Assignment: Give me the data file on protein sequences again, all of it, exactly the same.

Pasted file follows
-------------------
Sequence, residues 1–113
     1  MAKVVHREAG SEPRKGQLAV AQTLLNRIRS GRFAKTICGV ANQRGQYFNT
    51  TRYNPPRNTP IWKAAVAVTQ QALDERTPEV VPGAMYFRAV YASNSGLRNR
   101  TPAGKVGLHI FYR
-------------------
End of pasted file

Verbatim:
Sequence, residues 1–113
     1  MAKVVHREAG SEPRKGQLAV AQTLLNRIRS GRFAKTICGV ANQRGQYFNT
    51  TRYNPPRNTP IWKAAVAVTQ QALDERTPEV VPGAMYFRAV YASNSGLRNR
   101  TPAGKVGLHI FYR